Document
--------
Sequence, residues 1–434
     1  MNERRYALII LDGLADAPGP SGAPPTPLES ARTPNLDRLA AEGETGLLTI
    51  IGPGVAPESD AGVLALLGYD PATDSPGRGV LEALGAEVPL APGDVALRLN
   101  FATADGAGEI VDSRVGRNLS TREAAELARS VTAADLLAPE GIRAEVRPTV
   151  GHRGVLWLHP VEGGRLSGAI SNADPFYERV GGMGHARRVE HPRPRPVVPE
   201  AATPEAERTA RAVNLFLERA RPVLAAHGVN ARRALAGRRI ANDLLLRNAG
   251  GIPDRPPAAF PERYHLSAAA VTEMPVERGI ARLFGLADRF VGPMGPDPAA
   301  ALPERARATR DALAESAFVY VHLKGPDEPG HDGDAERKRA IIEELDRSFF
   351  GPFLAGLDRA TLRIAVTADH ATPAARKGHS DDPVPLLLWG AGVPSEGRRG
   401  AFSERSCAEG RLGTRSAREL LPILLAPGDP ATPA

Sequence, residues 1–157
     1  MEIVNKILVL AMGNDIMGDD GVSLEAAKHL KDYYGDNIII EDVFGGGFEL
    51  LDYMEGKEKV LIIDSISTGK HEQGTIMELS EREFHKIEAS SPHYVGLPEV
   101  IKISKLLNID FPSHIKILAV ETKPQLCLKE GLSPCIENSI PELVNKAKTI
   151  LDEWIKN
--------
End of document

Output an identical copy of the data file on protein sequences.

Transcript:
Sequence, residues 1–434
     1  MNERRYALII LDGLADAPGP SGAPPTPLES ARTPNLDRLA AEGETGLLTI
    51  IGPGVAPESD AGVLALLGYD PATDSPGRGV LEALGAEVPL APGDVALRLN
   101  FATADGAGEI VDSRVGRNLS TREAAELARS VTAADLLAPE GIRAEVRPTV
   151  GHRGVLWLHP VEGGRLSGAI SNADPFYERV GGMGHARRVE HPRPRPVVPE
   201  AATPEAERTA RAVNLFLERA RPVLAAHGVN ARRALAGRRI ANDLLLRNAG
   251  GIPDRPPAAF PERYHLSAAA VTEMPVERGI ARLFGLADRF VGPMGPDPAA
   301  ALPERARATR DALAESAFVY VHLKGPDEPG HDGDAERKRA IIEELDRSFF
   351  GPFLAGLDRA TLRIAVTADH ATPAARKGHS DDPVPLLLWG AGVPSEGRRG
   401  AFSERSCAEG RLGTRSAREL LPILLAPGDP ATPA

Sequence, residues 1–157
     1  MEIVNKILVL AMGNDIMGDD GVSLEAAKHL KDYYGDNIII EDVFGGGFEL
    51  LDYMEGKEKV LIIDSISTGK HEQGTIMELS EREFHKIEAS SPHYVGLPEV
   101  IKISKLLNID FPSHIKILAV ETKPQLCLKE GLSPCIENSI PELVNKAKTI
   151  LDEWIKN